Lifestyle Center Developers Apply Lessons Learned During the Downturn
Elaine Misonzhnik / Retail Traffic
During the past decade, lifestyle centers proliferated quickly. In 2001, lifestyle centers comprised 0.8 percent of total U.S. retail GLA, with 192 properties containing 49 million square feet, according to data compiled for ICSC by the CoStar Group, a Bethesda, Md.-based research firm. Today, lifestyle centers make up 1.77 percent of the retail universe, with 455 centers featuring 127.8 million square feet. While the amount of total shopping center space in the U.S. grew 18 percent during the past decade, to 7.2 billion square feet, the amount of lifestyle center space increased 161 percent.
Given the new market realities, however, roughly 40 percent of those centers might ultimately prove unviable and will have to be converted to other uses, says Jeff Green, president of Jeff Green Partners, a Mill Valley, Calif.-based real estate consulting firm.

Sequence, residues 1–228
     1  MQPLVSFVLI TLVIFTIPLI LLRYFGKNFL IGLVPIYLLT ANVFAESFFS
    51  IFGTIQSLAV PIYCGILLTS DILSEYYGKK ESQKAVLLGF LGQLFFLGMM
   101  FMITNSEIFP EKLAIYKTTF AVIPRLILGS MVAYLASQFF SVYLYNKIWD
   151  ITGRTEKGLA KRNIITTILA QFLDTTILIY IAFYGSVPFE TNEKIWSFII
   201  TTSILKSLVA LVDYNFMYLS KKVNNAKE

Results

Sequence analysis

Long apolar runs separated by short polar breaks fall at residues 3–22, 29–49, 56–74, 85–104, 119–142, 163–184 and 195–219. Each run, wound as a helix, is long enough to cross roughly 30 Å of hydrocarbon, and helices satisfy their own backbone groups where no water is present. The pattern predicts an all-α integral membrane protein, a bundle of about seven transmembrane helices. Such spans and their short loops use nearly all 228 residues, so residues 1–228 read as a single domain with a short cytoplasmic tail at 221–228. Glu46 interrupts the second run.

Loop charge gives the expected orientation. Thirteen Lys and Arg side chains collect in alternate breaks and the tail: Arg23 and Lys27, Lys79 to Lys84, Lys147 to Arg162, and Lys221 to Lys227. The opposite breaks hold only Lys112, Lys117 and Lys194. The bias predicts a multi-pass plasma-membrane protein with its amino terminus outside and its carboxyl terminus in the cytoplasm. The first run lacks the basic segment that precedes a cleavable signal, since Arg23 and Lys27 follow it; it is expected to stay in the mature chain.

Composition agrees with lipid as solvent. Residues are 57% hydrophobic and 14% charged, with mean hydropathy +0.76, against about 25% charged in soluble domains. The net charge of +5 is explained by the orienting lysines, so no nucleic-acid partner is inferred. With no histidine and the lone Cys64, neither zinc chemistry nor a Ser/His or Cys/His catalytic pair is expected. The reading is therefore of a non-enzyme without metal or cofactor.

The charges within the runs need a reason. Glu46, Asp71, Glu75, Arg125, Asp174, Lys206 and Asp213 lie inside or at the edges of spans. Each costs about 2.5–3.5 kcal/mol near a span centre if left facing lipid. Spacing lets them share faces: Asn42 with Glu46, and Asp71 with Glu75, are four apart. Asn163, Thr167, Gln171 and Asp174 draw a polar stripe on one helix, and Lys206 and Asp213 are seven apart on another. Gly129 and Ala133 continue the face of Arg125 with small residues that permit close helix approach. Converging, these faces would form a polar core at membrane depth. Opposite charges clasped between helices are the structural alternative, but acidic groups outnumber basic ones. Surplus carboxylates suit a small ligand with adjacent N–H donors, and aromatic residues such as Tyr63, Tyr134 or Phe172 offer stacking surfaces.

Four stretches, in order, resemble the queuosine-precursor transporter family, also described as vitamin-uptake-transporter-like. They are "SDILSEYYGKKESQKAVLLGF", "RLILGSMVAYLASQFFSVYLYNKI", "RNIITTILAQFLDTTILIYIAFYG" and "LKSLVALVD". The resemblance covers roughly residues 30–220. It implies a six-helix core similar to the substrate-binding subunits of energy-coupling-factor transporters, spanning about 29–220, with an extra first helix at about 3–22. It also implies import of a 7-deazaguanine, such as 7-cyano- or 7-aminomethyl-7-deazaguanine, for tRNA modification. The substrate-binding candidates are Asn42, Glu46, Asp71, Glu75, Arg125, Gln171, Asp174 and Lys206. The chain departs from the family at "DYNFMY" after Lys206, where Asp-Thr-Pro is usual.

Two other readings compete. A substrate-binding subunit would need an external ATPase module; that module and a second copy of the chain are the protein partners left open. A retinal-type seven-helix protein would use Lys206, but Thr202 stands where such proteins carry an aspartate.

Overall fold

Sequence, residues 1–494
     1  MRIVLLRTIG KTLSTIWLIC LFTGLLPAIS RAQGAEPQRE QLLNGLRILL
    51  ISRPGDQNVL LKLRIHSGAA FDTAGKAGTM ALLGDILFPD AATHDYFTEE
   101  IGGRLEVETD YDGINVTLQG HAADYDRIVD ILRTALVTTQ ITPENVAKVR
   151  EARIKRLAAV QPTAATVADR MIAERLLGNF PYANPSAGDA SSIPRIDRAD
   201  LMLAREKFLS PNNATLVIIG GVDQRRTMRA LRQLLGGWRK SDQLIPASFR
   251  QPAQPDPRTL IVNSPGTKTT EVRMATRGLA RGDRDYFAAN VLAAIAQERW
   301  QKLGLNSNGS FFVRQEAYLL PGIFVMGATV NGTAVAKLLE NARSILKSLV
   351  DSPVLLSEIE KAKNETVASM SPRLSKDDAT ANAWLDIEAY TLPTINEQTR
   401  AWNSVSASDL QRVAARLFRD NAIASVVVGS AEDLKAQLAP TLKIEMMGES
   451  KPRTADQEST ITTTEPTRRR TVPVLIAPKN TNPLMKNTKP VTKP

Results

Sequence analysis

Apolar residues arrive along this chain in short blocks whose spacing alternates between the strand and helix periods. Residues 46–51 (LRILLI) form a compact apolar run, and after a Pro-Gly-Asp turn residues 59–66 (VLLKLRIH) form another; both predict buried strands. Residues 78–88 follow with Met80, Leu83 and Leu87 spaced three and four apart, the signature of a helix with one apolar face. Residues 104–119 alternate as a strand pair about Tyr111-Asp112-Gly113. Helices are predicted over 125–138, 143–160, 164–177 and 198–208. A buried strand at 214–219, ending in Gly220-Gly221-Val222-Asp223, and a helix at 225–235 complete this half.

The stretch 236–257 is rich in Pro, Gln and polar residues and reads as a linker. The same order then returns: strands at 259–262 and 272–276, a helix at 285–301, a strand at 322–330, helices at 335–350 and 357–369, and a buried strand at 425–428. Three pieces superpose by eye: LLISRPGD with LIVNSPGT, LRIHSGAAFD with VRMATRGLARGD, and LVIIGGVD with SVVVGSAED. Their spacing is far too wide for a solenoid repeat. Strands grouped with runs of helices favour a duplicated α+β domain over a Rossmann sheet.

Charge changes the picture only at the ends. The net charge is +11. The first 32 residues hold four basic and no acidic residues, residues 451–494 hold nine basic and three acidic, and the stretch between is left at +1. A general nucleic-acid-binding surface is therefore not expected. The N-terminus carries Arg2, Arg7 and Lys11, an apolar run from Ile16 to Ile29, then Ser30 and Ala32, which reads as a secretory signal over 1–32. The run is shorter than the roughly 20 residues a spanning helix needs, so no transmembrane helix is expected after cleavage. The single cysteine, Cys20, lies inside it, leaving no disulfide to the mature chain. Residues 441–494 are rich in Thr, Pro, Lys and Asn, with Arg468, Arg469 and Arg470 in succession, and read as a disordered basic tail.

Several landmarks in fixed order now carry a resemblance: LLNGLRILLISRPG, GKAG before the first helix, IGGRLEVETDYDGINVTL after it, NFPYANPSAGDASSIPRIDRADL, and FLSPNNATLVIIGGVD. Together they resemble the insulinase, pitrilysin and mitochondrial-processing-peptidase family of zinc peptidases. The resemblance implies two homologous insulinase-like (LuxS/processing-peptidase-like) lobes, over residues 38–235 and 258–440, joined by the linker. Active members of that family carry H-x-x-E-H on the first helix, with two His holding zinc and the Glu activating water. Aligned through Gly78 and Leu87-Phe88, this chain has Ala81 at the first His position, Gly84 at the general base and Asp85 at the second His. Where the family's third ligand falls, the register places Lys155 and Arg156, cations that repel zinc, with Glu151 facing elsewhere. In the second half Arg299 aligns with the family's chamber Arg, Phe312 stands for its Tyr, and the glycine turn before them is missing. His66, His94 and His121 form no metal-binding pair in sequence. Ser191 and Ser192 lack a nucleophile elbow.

Because lifestyle centers rely primarily on high-end, discretionary tenants they need to be located in markets with appropriate demographics and draw from a wide trade area in order to deliver positive NOI, Green notes. Many of the centers that came on line in the past few years did not meet the criteria. In addition, many lifestyle center developers devoted all of their space to traditional in-line tenants and dispensed with traditional anchors that would bring in the needed shopper traffic day-to-day. This strategy made sense during the boom years, when a line-up of solid specialty retailers was still attractive to consumers. In a recession, however, people have needed more of a reason to visit lifestyle properties.
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